Arrival

I purchased the property back in October 2013, and have not visited until today. I arrived this afternoon. In the meantime, I’ve been studying permaculture and looking at topo maps of the land (10 ft contours, found online). I made a tentative site plan.

Finally on site, the first thing I did was to walk the land. It’s delightful to do this – much more aware than before of the contours and character of the site as I observe them – and to see how my mental plans could work in reality. Standing on the possible house site, I can see the food forest to the southwest, with the windbreak beyond, and imagine the view from the house to the gardens on the south side. I can see that the west entrance to the house will step down, which I hadn’t quite realized – so now I’m envisioning the patio there, with an outdoor shower that will be raised a few feet over the surrounding view.

I will be here for the month of April, at least, leaving only for one planned visit to Phoenix, in a few days – chance to resupply and purchase materials I couldn’t fit in the truck this time!

Goals for this week:
– make a bunyip and A-level and flag contours for future zones 1-3
– install an experimental water harvesting system
– set up basic irrigation system: 60-gal barrel tank, hose to future site of hoophouse, hose down to future windbreak, input from water harvester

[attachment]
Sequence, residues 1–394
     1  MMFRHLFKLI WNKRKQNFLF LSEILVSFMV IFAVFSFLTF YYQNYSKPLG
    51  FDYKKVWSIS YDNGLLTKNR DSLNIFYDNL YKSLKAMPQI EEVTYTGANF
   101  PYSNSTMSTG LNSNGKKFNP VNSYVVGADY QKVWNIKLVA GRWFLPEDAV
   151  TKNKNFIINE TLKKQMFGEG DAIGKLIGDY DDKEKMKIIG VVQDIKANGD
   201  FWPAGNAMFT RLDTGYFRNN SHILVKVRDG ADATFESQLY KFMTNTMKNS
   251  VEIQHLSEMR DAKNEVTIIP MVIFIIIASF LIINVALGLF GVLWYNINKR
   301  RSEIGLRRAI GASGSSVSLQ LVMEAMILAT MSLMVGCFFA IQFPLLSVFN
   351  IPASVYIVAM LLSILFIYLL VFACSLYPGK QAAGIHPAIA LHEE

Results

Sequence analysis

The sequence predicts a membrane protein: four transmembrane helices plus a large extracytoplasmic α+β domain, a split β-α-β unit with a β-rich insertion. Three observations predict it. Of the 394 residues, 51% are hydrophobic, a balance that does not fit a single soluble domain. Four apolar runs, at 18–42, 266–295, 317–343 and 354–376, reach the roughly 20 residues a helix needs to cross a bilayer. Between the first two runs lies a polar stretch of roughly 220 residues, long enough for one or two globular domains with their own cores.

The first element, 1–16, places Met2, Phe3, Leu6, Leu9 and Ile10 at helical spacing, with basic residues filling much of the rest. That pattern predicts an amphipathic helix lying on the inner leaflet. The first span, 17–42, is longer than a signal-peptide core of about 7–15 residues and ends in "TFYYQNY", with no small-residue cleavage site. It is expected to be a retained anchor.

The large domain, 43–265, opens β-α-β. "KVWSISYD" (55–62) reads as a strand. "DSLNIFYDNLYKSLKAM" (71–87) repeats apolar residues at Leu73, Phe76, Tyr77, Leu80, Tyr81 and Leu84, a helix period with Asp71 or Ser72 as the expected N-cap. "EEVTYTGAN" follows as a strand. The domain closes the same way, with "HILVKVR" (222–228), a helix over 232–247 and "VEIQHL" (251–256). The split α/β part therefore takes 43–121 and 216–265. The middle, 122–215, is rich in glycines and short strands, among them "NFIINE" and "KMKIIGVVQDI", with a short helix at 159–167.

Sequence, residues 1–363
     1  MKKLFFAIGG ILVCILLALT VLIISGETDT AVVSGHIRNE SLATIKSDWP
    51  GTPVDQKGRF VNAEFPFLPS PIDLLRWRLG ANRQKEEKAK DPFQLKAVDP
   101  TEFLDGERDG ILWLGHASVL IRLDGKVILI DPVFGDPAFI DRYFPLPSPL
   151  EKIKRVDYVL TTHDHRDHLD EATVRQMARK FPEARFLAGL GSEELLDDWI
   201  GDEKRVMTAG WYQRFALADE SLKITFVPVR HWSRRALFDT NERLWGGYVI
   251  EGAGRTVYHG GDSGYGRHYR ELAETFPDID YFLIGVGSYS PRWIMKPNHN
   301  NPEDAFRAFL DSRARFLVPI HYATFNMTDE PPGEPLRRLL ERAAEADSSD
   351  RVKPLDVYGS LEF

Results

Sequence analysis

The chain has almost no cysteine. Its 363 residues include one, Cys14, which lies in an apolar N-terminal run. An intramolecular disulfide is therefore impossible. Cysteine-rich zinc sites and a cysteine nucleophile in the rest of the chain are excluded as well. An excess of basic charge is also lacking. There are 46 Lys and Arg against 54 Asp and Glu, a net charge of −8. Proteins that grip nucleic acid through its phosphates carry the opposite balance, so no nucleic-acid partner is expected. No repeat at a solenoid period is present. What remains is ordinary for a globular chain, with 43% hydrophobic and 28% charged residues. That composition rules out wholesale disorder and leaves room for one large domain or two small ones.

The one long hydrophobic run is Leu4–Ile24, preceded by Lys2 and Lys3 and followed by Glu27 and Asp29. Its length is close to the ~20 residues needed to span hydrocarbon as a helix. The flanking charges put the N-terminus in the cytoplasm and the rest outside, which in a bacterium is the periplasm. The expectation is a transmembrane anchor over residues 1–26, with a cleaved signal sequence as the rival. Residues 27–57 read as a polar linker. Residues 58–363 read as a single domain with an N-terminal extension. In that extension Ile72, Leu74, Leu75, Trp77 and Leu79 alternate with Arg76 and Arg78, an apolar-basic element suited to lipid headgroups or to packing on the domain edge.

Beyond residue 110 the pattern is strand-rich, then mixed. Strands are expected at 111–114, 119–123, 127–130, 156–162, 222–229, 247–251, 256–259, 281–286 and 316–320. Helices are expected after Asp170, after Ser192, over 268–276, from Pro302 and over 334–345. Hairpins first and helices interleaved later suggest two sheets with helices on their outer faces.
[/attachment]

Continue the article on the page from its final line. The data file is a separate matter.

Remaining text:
– select and prepare site for temporary shelter

Second thing I did was to start unloading the truck and dealing with the wind. It’s a windy place – from March to June, gusty winds from the SW, probably 20-30 mph today (enough to catch tissues and papers whenever I opened the cab of the truck and pin them to the downwind juniper). Gusts up to 60 mph have been reported this week. I’m sleeping in the back of my truck, so a lot of stuff had to be unloaded. What do you do with a truckful of miscellaneous tools and supplies and nowhere to store it? Considered buying a tent for it, but that would probably have turned into a parachute. So I brought a heavy sisal 9×12 carpet that I’ve had in storage, and purchased 4 metal stakes and 100 ft of rope. Here’s the scene:

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Tied down for the night:

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The (empty) 60-gal tank was another question. Here’s what I did with another 4 stakes and another 50 ft of rope:

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What do you think, will I still have all my stuff in the morning, or will it be in New Mexico?
These probably won’t blow away, though I brought the steel square into the truck with me, because I had a mental picture of it going airborne.

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The camper shell is drafty, but I’m snug in my sleeping bag and down quilt. I’m going to bed without supper (didn’t figure it was worth fighting the wind to make a fire – I’ll dig a bean hole in the morning), but I’ve got a bag of almonds, and if I get hungry I’ll remember last night’s scrumptious supper of panzanella, gnocci, and creme brulee (yes, I did), at Salt in Lakeside.
The view from my picture window:

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Good night, sun.

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These posts are being made possible by Goal Zero (a Sherpa 100 & Firefly light), my beloved iPad, and Verizon cell service.

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